Prompt: Appearances Can Be Deceiving via Othello
The weary theme of “Deceiving Appearances” is used profusely throughout the Shakespearean play named Othello; as well as the theme of forbidden love, and many others throughout the play. The theme of perception vs. deception (the deceiving appearance) is mostly seen through Othello’s main antagonists Iago who is portrayed as “honest Iago” Othello’s trusted servant as his wife Emilia is also the maid of Othello’s fair lady Desdemona. Although, Iago’s “honesty” or dishonesty is seen within his characters personality Othello falls for his pawn on him.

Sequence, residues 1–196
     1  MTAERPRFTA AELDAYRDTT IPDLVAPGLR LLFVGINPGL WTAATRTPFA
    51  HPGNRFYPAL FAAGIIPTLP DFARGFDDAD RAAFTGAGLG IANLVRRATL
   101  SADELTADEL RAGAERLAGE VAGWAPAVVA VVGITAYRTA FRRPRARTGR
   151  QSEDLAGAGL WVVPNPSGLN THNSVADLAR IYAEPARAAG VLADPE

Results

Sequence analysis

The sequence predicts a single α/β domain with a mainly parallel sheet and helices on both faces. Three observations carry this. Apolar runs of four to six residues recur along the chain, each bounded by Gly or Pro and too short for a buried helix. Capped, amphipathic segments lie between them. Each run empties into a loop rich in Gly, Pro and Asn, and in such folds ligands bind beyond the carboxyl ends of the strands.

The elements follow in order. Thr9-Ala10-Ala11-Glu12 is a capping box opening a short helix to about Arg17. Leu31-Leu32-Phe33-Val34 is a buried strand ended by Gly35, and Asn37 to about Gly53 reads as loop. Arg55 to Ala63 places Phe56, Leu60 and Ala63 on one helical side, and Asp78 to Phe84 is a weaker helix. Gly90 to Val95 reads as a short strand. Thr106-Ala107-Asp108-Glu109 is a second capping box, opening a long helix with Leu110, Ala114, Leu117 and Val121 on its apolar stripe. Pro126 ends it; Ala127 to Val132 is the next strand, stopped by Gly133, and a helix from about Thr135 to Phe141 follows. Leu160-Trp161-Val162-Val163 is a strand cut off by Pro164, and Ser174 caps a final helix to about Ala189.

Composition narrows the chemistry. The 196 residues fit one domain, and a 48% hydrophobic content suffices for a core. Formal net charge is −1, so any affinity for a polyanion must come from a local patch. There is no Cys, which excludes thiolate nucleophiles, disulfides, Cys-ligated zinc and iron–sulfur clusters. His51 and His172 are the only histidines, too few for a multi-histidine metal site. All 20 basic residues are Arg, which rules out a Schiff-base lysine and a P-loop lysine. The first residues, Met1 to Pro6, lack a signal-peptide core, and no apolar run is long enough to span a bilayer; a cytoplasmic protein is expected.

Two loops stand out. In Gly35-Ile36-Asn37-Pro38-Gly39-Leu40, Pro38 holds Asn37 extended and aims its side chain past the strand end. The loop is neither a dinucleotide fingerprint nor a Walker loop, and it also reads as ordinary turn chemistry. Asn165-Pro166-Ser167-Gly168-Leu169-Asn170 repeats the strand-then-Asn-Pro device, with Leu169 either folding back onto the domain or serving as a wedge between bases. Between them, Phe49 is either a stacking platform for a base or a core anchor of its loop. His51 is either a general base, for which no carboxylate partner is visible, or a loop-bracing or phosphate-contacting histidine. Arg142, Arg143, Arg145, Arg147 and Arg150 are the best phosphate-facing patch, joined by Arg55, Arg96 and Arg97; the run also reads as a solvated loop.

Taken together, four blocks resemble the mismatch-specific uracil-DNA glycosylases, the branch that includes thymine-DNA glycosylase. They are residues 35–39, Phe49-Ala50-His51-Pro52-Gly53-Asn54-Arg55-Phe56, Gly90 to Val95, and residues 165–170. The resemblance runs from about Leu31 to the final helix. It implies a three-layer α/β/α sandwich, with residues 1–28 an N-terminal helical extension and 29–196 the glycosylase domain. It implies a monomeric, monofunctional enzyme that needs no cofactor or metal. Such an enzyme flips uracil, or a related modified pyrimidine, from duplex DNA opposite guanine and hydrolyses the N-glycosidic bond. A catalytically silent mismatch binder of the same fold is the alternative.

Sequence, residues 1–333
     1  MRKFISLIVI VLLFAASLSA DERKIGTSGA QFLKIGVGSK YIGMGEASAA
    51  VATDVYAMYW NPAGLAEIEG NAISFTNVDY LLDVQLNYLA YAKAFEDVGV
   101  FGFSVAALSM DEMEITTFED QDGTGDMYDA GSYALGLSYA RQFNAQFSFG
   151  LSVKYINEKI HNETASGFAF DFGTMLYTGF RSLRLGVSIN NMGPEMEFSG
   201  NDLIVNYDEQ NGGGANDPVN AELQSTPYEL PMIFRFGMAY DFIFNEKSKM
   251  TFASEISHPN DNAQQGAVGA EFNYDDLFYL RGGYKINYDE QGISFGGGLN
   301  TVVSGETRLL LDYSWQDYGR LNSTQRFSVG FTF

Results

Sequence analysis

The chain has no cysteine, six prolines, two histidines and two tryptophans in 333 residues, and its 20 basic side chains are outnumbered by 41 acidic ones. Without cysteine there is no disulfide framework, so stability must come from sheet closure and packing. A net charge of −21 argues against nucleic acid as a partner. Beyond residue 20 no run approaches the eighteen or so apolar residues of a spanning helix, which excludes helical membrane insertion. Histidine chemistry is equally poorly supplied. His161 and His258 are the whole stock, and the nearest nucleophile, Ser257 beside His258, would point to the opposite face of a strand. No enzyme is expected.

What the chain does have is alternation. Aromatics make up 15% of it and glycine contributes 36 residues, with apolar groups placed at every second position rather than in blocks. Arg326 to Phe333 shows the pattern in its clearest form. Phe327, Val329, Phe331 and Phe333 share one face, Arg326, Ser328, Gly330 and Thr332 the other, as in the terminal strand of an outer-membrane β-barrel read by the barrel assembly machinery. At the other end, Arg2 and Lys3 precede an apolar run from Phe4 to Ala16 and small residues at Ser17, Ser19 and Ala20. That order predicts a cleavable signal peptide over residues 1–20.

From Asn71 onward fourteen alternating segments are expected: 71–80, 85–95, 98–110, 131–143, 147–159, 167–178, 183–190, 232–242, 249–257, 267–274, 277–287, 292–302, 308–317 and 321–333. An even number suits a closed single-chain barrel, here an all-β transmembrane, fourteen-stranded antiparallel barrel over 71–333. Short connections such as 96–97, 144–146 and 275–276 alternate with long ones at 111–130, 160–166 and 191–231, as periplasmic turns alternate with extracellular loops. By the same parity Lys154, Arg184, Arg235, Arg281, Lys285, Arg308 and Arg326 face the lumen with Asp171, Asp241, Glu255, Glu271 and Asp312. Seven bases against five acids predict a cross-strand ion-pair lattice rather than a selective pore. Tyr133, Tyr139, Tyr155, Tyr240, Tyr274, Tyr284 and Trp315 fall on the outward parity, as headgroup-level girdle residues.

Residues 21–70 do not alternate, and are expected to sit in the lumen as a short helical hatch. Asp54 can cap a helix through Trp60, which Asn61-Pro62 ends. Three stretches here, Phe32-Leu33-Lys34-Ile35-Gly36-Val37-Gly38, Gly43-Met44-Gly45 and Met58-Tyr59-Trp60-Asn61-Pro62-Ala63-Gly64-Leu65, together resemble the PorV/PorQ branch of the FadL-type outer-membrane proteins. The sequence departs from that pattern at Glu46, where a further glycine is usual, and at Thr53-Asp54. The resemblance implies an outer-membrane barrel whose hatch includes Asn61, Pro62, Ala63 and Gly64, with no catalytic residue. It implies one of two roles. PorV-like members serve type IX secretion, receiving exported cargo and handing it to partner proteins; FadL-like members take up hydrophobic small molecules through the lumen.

Within the play Iago specializes in toying with words and creating scenarios between the play’s characters. A prime example of this is shown in Act 2, Scene3 when Othello tells cassio that he is in charge of the battle victory celebration and is told to make sure that even though it is a party the men must consume everything moderately. Cassio tries to preserve his sobriety but later fails when he is greeted by Iago who begins to speak about Desdemona and her fine beauty, he almost makes a gossip of her innocence or tries to expose her inner vulgarity but Cassio pays this little to no mind. The trick Iago has up his sleeve is simply of the jelousy of cassio’s leutient role. The conversation turns left when Iago presses Cassio to drink, “tis a night of revels… If I can fasten but one cup upon him which he hath drunk tonight already he’ll be full of quarrel and offense...” basically applying the theory that cassio is an intolerable drinker after the drink Iago pawns Roderigo the fool and incites the argument between the two men. To stop the argument peacemaker montano tries to intervene telling cassio of his drunkenness which causes brief argument between them as well. When Othello finally arises to address the...